Reviewing Cybersecurity after Lawmaker Tweets Picture with Password

picture of computer monitor with password on sticky note prompts password review

Protecting yourself with strong passwords in cyberspace is a must. It’s important to avoid easily guessable passwords like “password” or cultural references like “Frodo.” One lawmaker tweeted a picture that had his password on a sticky note.

Cyber security concept image
Photo By 13_Phunkod / Shutterstock

Representative Mo Brooks (R-AL) made headlines last week, but not for reasons related to signing bills, winning an election, or getting a major endorsement. On June 6, Rep. Brooks tweeted a picture of his computer monitor, which was taken with a camera. However, a sticky note near the monitor that contained a PIN number and password made it into the image. While the internet wondered aloud if it were really Brooks’s password, he deleted the tweet and reposted it with the sticky note cropped out.

It’s important to take proper precautions online by using strong passwords and keeping them private. In his video series Thinking about Cybersecurity: From Cyber Crime to Cyber Warfare, Professor Paul Rosenzweig, Professorial Lecturer in Law at The George Washington University Law School, explained how.

Getting an “F” for Effort

“Let’s talk passwords—if you are like me, you hate them,” Professor Rosenzweig said. “You want to make them hard to guess, but then they are hard to remember; and if you make them easy, then you make yourself an easy mark. If you write them down on a piece of paper, well, then of course you’ll lose the paper or someone will steal it.”

Professor Rosenzweig said that we should still avoid the temptation to make a password easy, because the primary function of password protection goes far beyond petty thieves. Instead, very well-designed computer programs now troll the internet for vulnerable accounts. Password-cracking programs have a dictionary of the 500,000 most commonly used passwords, so they’ll use those first.

“The most common password of all is ‘password,’ and the second most common is ‘123456’—don’t use those,” he said. “Also, don’t use obvious personal information like your birthday, either; that can be found on the web pretty easily. And don’t use common cultural reference points. Do you have any idea how many people use ‘muggle,’ or ‘Frodo,’ or ‘BruceSpringsteen’ as their passwords?”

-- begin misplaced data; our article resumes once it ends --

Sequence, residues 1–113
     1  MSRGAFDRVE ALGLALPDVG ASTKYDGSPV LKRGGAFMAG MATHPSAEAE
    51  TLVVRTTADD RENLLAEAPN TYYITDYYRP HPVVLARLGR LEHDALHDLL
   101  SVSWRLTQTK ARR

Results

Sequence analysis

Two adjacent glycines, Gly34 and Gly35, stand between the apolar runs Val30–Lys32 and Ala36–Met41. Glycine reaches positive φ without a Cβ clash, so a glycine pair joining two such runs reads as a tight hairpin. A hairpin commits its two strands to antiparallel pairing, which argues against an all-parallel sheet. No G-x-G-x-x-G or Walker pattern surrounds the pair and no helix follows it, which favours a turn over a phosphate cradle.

Hogwarts-Worthy Passwords

Rather than use passwords that are easy to guess, Professor Rosenzweig suggested using a program like a password safe, which stores all the passwords that you use, so only you can access them. Of course, then you’d need a strong “master password” for the password safe, but remembering one is easier than remembering dozens. How do you create a strong master password?

“There are lots of tricks out there, but here is one that I use,” he said. “Think of your favorite line from your favorite movie or play or book—or, if you prefer, think of the opening line of the last book you read, or the last 10 street names of streets you’ve lived on. Then make a password of the first letter of the first 10 or 15 words in that movie line or of those street names.”

For one short example, he gave Casablanca‘s “Here’s looking at you, kid” and started by abbreviating it to “HLAYK.” Then he suggested randomizing the capital letters, like only capitalizing one out of every three letters; then adding in some numbers that only you would know, like the last four digits of your phone number at your childhood home. If you throw in a special character like an asterisk between them, you get a password like HlaYk*0956. As Professor Rosenzweig said, “[It’s] perfectly sensible to you because you created it, but utter gibberish to anyone else.”

Finally, don’t use your master password for a password to anything else, and be sure to remember it. Losing your master password is the same as losing the key to a safe.

And don’t post a picture of your password on Twitter.

Edited by Angela Shoemaker, Wondrium Daily